Drummond’s backboard dominance borders on astounding: ‘It’s pretty phenomenal’ - SVG

Andre Drummond is leading the NBA in rebounding by a wide margin over the field.
Allen Einstein/NBAE/Getty Images
by Keith Langlois
Web Editor

Steph Curry, reigning MVP, is playing so well and scoring at such a clip that teammate Harrison Barnes – maybe only half-jokingly – says he should be the front-runner for Most Improved Player. He’s averaging 33.7 points, comfortably ahead of James Harden in the scoring race.

But for a little perspective on Andre Drummond’s dominance as a rebounder, Curry would have to average more than 40 per game to have the same relative cushion over Harden that Drummond holds over Dwight Howard in the rebounding race.

“You never see a gap like that,” Stan Van Gundy said. “He’s six rebounds ahead of the next guy. Six rebounds a game! They were giving him a hard time in the locker room (after Tuesday’s win over Cleveland) because he only had 18. He was below his average. They were giving him a hard time about that, actually. It’s pretty phenomenal what he’s done to this point.”

Drummond goes into Friday’s game at Minnesota averaging 18.9 rebounds through the season’s first 11 games. Howard has moved ahead of DeAndre Jordan into second place with 13.4. Drummond also leads the NBA in both offensive rebounding (6.4 to Howard’s 4.6) and defensive rebounding (12.5 to Jordan’s 10.2) by considerable margins. In fact, if you wiped away all of Drummond’s offensive rebounds, he’d still rank fourth in the league in rebounding.

What’s gone into Drummond’s spike? He’s been an elite rebounder since he entered the NBA as an 18-year old, but even his per-36 minute totals are up significantly. From year to year, his per-36 rebounding numbers have gone from 13.2 to 14.7 to 15.9 to this year’s 18.2.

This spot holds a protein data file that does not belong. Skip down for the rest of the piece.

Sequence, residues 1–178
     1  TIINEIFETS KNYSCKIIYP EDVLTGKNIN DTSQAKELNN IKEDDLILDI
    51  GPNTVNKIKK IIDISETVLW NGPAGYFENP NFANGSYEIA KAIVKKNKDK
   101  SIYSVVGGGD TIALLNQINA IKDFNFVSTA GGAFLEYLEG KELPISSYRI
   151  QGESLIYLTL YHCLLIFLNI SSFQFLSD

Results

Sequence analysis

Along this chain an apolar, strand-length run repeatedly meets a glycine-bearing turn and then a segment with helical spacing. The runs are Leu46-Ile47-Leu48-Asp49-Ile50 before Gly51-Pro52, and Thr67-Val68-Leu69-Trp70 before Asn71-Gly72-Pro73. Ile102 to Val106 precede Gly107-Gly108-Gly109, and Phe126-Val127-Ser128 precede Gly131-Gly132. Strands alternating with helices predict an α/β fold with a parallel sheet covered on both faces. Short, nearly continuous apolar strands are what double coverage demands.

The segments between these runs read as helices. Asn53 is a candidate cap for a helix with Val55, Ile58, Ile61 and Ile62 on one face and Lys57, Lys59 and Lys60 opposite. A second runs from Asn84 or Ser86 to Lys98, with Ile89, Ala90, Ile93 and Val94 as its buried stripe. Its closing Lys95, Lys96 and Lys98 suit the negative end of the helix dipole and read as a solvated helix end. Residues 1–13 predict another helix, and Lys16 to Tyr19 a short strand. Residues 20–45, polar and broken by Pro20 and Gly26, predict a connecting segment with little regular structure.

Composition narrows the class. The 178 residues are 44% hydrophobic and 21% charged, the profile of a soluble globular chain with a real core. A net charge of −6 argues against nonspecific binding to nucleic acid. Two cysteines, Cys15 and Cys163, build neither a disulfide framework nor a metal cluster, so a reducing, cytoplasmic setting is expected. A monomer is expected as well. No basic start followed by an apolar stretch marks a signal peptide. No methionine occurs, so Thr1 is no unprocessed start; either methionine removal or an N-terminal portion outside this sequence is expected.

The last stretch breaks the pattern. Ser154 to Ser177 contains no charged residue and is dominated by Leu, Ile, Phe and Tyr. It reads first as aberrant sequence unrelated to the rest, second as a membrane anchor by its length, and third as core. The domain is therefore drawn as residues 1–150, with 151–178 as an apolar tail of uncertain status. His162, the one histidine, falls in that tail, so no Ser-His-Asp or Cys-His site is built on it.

“I don’t think you ever see a guy averaging 19 rebounds a game,” Van Gundy said. “You just don’t see that. But we saw him getting better, for sure. He worked. He got in better shape.”

Drummond took his off-season conditioning work more seriously than ever, spurred by a conversation with Van Gundy as last season ended. They talked about the future with Reggie Jackson and Kentavious Caldwell-Pope as the backcourt and knew they had to play to their strengths – athletic, defense first – and that would require Drummond to get up and down the court more than ever. He took a few weeks off, but started training hard again in early May. The Pistons sent assistant coach Malik Allen and assistant strength coach Jordan Sabourin to Connecticut, where Drummond took classes, and they followed him later in the summer to the Santa Barbara, Calif.-based P3 training facility, as well.

As a result, Drummond is averaging 37.4 minutes per game, sixth in the league. No other center ranks in the top 25 and only Kevin Love, tied for 24th at 34.8 minutes per game, is on the list among power forwards.

“Am I leery of (Drummond’s minutes creep)? A little bit,” Van Gundy said. “I’m always watching. Not only looking at the minutes, but I’m watching guys, too. I saw some evidence of fatigue in Marcus (Morris) on the West Coast trip. We’ve tried to get his minutes down. Saw some evidence in (Caldwell-Pope). We’ve tried to get those down. Andre, not so much. Haven’t really seen it. I know the minutes are high. It’s something to watch. But I haven’t seen real evidence of it.”

One other thing has allowed Drummond to play big minutes: He’s not getting himself into foul trouble, a problem especially early last season when he seemed to pick up a silly foul – a reach on defense, a moving screen on offense – early in most games. His fouls per-36 minutes are a career-low 3.4 per game despite the heavy playing time. Players often pick up careless fouls as fatigue sets in, reaching instead of moving their feet.

“Improved maturity and intelligence,” Van Gundy said. “He’s played a lot smarter. He’s been more solid and disciplined in what he’s doing. That’s an improvement and a maturity.”

And he’s all of 22 – with plenty of areas where improvement is still not only possible but almost certain.

“There’s still areas he’s got to improve,” Van Gundy said. “He knows that. There’s a long way to go still.”

There might not be a matter-of-fact statement all year made in the NBA that sends shivers down the rest of the league’s collective spine quite like that one.